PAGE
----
The Newfoundland and Labrador Archaeological Society is an organization for professionals and the public to meet, embrace archaeology in Newfoundland and Labrador, and share ideas for the future.

To promote an understanding of archaeology in Newfoundland and Labrador and protect archaeological resources by fostering research, stewardship, education, and the exchange of ideas and information between professionals and the public.

Code of Ethics
Members of the Newfoundland and Labrador Archaeological Society (NLAS) agree to promote the advancement of archaeology by supporting the organization in its aims to stimulate the interest of the general public in archaeology and to discuss and disseminate archaeological information and ideas according to the NLAS’s ethical principles:

Regarding Stewardship and Accountability:
(i) Members acknowledge an archaeological research permit is required by any person carrying out explorations or making excavations on any land (terrestrial or underwater) for the purpose of seeking archaeological objects. Members have a duty to encourage and support the permitted identification, recording, protection, and effective management of archaeological materials, collections, and established or suspected archaeological sites in Newfoundland and Labrador. Members shall respect the rights of landowners, tenants, lessees, and archaeological permit holders.

Regarding the Value of Archaeological Objects:
(ii) Members shall respect the archaeological objects of all societies and acknowledge the scientific, educational, and cultural significance that such irreplaceable resources hold for all people. Members will not support archaeological objects being bought, sold, traded, or bartered as commercial goods, as it is unethical to establish a commercial value on any archaeological site or object that may lead to its destruction, dispersal, or exploitation.

Regarding the Law:
(iii) Members will act in accordance with the applicable Provincial, Federal, and Aboriginal heritage legislation*, and encourage non-members to do the same. It is illegal to disturb, collect, or remove archaeological objects through survey or excavation without obtaining an archaeology permit. In the spirit of these legislations, a Member agrees to make any archaeological finds (terrestrial and underwater) in his or her possession available for analysis and study by permit-eligible archaeologists.

*Links to legislation regarding archaeology in Newfoundland and Labrador:

Government of Newfoundland and Labrador
Government of Canada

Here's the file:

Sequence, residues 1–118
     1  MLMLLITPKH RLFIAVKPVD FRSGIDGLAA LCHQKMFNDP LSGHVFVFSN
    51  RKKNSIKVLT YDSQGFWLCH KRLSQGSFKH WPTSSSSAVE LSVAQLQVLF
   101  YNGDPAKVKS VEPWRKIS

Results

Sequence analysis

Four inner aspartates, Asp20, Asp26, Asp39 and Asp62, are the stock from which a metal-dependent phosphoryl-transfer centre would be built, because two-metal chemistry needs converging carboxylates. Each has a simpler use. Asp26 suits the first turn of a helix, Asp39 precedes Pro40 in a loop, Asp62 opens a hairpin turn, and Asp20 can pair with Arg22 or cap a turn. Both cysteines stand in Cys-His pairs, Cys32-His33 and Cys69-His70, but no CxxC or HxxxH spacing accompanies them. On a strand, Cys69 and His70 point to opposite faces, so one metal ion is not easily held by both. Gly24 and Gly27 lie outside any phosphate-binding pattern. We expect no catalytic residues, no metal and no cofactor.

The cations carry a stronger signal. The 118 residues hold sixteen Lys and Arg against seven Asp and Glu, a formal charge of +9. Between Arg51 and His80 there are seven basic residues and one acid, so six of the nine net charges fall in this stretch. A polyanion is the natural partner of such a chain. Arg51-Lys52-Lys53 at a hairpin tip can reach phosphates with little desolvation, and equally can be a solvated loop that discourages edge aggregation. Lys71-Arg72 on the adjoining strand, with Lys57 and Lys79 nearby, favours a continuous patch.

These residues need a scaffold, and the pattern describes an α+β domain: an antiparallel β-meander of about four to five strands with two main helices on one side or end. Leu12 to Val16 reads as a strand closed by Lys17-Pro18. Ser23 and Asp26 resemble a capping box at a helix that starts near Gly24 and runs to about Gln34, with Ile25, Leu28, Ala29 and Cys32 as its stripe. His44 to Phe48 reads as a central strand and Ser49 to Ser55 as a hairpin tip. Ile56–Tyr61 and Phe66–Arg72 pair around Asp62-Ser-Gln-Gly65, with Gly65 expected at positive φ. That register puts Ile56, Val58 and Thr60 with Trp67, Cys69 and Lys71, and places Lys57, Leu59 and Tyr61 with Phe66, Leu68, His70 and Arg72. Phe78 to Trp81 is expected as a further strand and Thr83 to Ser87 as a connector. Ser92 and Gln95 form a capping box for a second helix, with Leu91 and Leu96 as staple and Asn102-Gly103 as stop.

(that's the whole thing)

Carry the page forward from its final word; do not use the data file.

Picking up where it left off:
Nunatsiavut Government

Our Board of Directors
Robyn S. Lacy – Past-President
Anna Sparrow – President
Otis Crandell – Vice-President
Ian Petty – Treasurer
Elsa Simms – Secretary
Rita Ujunwa Onah – Director
Megan Webb – Director
Leah Griffiths – Director
Euan Patrick Wallace – Director




5 thoughts on “About

  1. I just read an article on CBC regarding the Community Collections Archaeological Research Project: Baxter Andrews Collection so I decided to visit your website. I have to say, the idea of reaching out to the public in search or collected items is a good one; I know there are many, many items out there that people have found and just waiting to be re-discovered.

    What I am emailing about though is actually this website itself. You will have people who read the same article as I did, have an item, as I do, and yet there is absolutely no information or means via this website to submit this information. It was very disappointing, after reading the article on CBC and realizing how important such items are, that there is so little information on this site on how to actually donate a piece. The very first thing you see when visiting your website is a button to donate via Paypal….so what exactly is more important, the artifacts themselves, or monetary donations? I do realize it takes money to run any sort of organization, voluntary or not, but without the artifacts you seek, you won’t need the money.

    I personally have a Maritime Archaic Indian gouge which I discovered maybe 30 years ago now and has been sitting in my house ever since. How many other items are out there like this? If you really want to find out, I would just make a suggestion and change this site to allow people to easily identify what they have, a link or some sort of means to let you know this information and promote it a bit better than it has been.

  2. Hi my name is Jacques Normandeau and I was just wondering if any Viking vessels or swords or bone have ever been recovered from digs thank you

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